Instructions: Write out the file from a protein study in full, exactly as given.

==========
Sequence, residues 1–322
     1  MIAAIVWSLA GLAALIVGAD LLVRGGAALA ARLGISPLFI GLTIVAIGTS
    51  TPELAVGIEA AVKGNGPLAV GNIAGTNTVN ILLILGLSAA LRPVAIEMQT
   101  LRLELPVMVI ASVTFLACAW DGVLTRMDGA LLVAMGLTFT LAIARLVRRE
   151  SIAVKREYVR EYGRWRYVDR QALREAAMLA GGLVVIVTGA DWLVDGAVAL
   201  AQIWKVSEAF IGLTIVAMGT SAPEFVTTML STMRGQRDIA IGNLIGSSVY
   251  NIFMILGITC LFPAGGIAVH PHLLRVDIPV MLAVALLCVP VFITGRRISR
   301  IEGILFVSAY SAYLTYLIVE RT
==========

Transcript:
Sequence, residues 1–322
     1  MIAAIVWSLA GLAALIVGAD LLVRGGAALA ARLGISPLFI GLTIVAIGTS
    51  TPELAVGIEA AVKGNGPLAV GNIAGTNTVN ILLILGLSAA LRPVAIEMQT
   101  LRLELPVMVI ASVTFLACAW DGVLTRMDGA LLVAMGLTFT LAIARLVRRE
   151  SIAVKREYVR EYGRWRYVDR QALREAAMLA GGLVVIVTGA DWLVDGAVAL
   201  AQIWKVSEAF IGLTIVAMGT SAPEFVTTML STMRGQRDIA IGNLIGSSVY
   251  NIFMILGITC LFPAGGIAVH PHLLRVDIPV MLAVALLCVP VFITGRRISR
   301  IEGILFVSAY SAYLTYLIVE RT